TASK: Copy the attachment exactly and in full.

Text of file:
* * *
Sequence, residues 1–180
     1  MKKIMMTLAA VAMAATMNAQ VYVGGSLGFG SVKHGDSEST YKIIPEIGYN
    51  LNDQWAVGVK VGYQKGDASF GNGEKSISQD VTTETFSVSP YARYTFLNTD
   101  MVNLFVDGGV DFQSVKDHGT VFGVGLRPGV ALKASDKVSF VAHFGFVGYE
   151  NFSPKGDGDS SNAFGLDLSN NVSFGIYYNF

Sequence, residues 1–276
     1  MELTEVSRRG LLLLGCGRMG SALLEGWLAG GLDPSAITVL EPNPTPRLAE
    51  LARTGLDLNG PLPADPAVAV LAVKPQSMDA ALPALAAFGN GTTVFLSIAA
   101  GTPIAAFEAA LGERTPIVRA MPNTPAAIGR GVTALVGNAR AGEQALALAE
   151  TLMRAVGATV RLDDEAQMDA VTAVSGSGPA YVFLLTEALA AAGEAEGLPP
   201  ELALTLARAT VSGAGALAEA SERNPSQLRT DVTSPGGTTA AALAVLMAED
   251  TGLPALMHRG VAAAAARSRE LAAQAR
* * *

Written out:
Sequence, residues 1–180
     1  MKKIMMTLAA VAMAATMNAQ VYVGGSLGFG SVKHGDSEST YKIIPEIGYN
    51  LNDQWAVGVK VGYQKGDASF GNGEKSISQD VTTETFSVSP YARYTFLNTD
   101  MVNLFVDGGV DFQSVKDHGT VFGVGLRPGV ALKASDKVSF VAHFGFVGYE
   151  NFSPKGDGDS SNAFGLDLSN NVSFGIYYNF

Sequence, residues 1–276
     1  MELTEVSRRG LLLLGCGRMG SALLEGWLAG GLDPSAITVL EPNPTPRLAE
    51  LARTGLDLNG PLPADPAVAV LAVKPQSMDA ALPALAAFGN GTTVFLSIAA
   101  GTPIAAFEAA LGERTPIVRA MPNTPAAIGR GVTALVGNAR AGEQALALAE
   151  TLMRAVGATV RLDDEAQMDA VTAVSGSGPA YVFLLTEALA AAGEAEGLPP
   201  ELALTLARAT VSGAGALAEA SERNPSQLRT DVTSPGGTTA AALAVLMAED
   251  TGLPALMHRG VAAAAARSRE LAAQAR